The latest campaign looks truly promising
March 3, 2013 | 12:27 pm The gang is at it again, doing what they can to get the word out about the latest titles they're attempting to "unglue." One of the books, Sara Roncaglia's Feeding the City, looks fantastic. Originally written in Italian and published by Open Book Publishers, it's an ethnographic look at "the dabbawalas of Mumbai, [who] deliver hundreds of thousands of home-cooked lunches to the city’s workers [each day], with a logistics chain so efficient it’s been the subject of a Harvard Business School case study." Subtitled "Work and Food Culture of the Mumbai Dabbawalas," Feeding the City "traces the ethnography of this massive culinary cooperative:...

Morning Links — Will Bookish Succeed?
February 7, 2013 | 8:30 am

eReaders Not Selling Well in German Bookstores (The Digital Reader) Why Using Creative Commons Licensed Material is Not as Easy as it Looks (Techdirt) Bookish: Will it Succeed? (Digital Book World) Libraries Lobby Publishers to Change eBook Policies (Penn Live) Kindle Daily Deals: Justice Denied by J.A. Jance (and 3 others)...

Help the Gates Foundation decide how to spend money on libraries
December 2, 2012 | 11:05 am

In an even more wired future, what will be the needs of public libraries in the U.S. and elsewhere? Just what is the role of libraries if “a person can access much of the information in the world from a device”? How to bring about the right kind of “lasting changes”? The Bill and Melinda Gates Foundation Global Libraries Initiative is asking some well-crafted questions of this kind in a survey I’d urge you to fill out. No small conundrum for present and future libraries is, how to pay for content? The Internet teems with free facts, raw information, as well as public domain and Creative... relaunches with five campaigns
October 15, 2012 | 6:59 pm

I got an email this morning indicating that Creative Commons book crowdsourcing site is relaunching with a new payment processor and several new ungluing campaigns. first launched a few months ago with the goal of collecting donations to put toward “ungluing” copyrighted books—that is, buying the right to release them as e-books with permissive CC licenses. The site had one immediate success, which it recently made good on releasing. However, most of its other campaigns barely got off the ground, and more recently Amazon ceased processing its payments due to concerns over the way’s campaigns were structured. Per the email,’s...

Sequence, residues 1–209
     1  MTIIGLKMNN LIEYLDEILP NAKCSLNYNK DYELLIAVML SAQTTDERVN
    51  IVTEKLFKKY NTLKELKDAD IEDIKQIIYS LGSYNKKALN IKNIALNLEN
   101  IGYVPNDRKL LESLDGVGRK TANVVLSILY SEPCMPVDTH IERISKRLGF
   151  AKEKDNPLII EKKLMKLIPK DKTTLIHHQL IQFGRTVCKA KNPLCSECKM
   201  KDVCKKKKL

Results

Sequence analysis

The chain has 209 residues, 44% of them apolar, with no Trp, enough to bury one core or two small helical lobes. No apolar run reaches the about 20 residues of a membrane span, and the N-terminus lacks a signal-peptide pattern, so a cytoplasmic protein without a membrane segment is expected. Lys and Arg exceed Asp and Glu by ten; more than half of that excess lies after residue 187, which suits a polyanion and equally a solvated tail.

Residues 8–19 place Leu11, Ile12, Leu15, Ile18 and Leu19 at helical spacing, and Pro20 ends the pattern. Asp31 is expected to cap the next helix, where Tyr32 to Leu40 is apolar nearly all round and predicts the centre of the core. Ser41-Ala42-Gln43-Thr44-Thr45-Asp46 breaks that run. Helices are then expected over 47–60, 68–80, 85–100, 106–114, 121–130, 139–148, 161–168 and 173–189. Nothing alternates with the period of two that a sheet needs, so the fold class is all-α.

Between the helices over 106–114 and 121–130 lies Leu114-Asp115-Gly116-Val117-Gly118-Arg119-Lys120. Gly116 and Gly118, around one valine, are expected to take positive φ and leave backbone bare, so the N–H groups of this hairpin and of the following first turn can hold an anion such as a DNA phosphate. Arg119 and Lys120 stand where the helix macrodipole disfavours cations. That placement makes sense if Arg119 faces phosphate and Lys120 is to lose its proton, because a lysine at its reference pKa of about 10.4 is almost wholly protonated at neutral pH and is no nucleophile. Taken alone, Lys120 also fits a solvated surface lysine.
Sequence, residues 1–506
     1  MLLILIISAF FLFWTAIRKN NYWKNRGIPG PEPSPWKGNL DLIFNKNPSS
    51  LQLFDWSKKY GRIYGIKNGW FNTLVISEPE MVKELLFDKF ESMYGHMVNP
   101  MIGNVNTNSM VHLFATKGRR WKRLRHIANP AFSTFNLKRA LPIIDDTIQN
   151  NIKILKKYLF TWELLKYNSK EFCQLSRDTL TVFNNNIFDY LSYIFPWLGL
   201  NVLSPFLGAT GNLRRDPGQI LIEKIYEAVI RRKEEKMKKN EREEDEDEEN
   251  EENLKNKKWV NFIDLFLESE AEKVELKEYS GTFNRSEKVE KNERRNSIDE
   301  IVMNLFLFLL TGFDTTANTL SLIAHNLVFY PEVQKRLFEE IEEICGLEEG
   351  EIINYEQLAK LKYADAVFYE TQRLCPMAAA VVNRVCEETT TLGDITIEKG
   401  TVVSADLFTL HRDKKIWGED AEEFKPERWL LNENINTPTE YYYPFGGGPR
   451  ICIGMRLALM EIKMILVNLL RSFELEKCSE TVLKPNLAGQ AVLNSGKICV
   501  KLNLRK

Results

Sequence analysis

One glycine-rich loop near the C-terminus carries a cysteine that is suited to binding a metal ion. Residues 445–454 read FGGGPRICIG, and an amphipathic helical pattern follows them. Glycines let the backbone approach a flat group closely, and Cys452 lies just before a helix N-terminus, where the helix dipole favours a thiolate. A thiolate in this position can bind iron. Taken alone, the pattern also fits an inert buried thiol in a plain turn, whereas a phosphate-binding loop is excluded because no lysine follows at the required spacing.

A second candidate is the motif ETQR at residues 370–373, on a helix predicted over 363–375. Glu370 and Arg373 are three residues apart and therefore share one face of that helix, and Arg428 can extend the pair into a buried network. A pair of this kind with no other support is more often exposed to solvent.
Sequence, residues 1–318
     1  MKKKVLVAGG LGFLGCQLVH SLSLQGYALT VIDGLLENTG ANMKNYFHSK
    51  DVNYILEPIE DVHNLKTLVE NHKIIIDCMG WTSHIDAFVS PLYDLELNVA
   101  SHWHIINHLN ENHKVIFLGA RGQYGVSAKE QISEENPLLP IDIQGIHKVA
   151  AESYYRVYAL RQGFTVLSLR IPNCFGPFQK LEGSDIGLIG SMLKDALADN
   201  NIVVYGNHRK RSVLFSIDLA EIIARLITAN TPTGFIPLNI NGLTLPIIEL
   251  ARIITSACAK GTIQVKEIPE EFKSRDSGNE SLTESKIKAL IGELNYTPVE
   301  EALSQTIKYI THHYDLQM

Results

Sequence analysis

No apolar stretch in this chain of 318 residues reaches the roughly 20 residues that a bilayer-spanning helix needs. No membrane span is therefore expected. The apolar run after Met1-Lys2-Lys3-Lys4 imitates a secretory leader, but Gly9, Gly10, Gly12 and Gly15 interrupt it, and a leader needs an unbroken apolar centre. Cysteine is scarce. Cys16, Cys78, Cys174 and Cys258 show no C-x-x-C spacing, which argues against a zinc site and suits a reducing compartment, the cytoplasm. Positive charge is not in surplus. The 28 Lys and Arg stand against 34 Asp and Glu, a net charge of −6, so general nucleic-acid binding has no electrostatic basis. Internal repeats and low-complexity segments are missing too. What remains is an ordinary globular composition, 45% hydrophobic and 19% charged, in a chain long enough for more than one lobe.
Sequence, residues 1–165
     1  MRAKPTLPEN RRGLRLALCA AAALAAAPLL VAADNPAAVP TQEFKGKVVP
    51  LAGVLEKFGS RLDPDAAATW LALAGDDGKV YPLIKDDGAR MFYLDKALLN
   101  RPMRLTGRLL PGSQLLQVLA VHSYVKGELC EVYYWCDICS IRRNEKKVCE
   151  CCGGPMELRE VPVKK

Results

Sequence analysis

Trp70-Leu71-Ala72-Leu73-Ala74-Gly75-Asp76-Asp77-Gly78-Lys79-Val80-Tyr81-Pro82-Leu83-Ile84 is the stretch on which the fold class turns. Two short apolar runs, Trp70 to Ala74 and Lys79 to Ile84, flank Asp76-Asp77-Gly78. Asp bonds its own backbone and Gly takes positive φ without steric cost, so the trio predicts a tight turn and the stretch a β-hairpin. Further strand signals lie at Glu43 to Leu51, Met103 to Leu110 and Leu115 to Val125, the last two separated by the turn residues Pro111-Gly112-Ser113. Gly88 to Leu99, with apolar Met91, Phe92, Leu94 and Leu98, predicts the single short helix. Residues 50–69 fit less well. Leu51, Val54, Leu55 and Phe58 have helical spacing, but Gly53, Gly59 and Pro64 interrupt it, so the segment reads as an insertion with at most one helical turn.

ALA’s gripes to publishers dance around the e-library world’s Problem #1—not enough money for e-books
September 25, 2012 | 6:48 am

imageI’m still borrowing e-books from public libraries. I loved the digital edition of the late Louis Auchincloss’s memoirs that popped up when I was browsing the electronic stacks of a library system near me here in Northern Virginia. Public libraries at their best can be Serendipity Central. But I rely much less these days on library books than before. Too often, some major e-books are AWOL from library collections or, as documented earlier this year by the Washington Post, have long waiting lists. So I turn to Amazon, the public domain or Creative Commons titles instead. Have I lost my enthusiasm for a well-stocked national digital library system, or, to... launches with five book-freeing campaigns
May 17, 2012 | 12:00 pm

I found a press release in my mailbox this morning about the launch of Eric Hellman’s crowd-funded Creative Commons republishing initiative for copyrighted works, (which we’ve mentioned a few times already here). The site has officially launched just now, with campaigns for the following five books: Michael Laser, 6-321 Joseph Nassise, Riverwatch Nancy Rawles, Love Like Gumbo Budding Reader, Cat and Rat Open Book Publishers, Oral Literature in Africa, by Ruth Finnegan. The...

Web site hopes to ‘unglue’ e-book versions of copyrighted books through crowdfunding
January 31, 2012 | 1:13 pm

unglueitFound on PaidContent: A company called Gluejar has launched a new website called with the goal of “freeing” e-book versions of copyrighted books that do not have any yet. The site hopes to contract with the owners of particular books to determine how much money they want to allow free e-book versions of the books under a Creative Commons license, then raise that money from its users. [Site founder Eric] Hellman says Gluejar is in part a reaction to the changing role of libraries in the U.S. “We’re excited about the possibility of using libraries...

Piracy as social problem
January 4, 2012 | 9:15 pm

On FutureBook, Martyn Daniels looks at the question of piracy, summing up contributing factors and discussing why it is such a tricky problem. Calling it a social problem similar to drugs, gambling, drinking, and prostitution, he points out that it will probably never be eradicated. He points out that almost everybody has done it either intentionally or not, and that it is important not to alienate these people or set unrealistic goals in trying to fight it. The causes or contributing factors Daniels discusses include free digital content versus industry pricing (and taxes that target e-books while leaving p-books...

Creative Commons – ND (No Derivative), by Eric Hellman
October 24, 2011 | 10:50 am

When I was a sophomore in high school, I read Catcher in the Rye. To me, the amazing thing about this book was the language. It seemed like every other word was "bastard", "goddam" or "sonofabitch". What were my teachers thinking? Imagine if the Salinger estate decided to release a Catcher in the Rye ebook with a Creative Commons License so that 10th graders around the world could read it for free. What sort of license would they choose? In particular, would they choose a "No Derivatives" license? Here's the "legal code" of the...